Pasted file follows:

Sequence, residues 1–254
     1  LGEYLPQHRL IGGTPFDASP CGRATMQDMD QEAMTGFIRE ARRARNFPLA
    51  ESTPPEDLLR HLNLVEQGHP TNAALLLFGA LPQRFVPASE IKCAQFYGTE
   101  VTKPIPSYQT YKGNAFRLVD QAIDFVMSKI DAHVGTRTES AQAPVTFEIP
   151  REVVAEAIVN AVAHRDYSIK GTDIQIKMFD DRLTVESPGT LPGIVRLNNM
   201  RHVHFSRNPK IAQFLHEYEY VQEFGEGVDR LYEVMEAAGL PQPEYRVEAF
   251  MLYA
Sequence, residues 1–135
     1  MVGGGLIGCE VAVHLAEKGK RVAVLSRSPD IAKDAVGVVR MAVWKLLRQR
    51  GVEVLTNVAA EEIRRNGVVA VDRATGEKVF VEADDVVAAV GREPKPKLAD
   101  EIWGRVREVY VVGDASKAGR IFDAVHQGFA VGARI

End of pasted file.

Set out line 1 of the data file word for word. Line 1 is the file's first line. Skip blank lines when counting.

Sequence, residues 1–254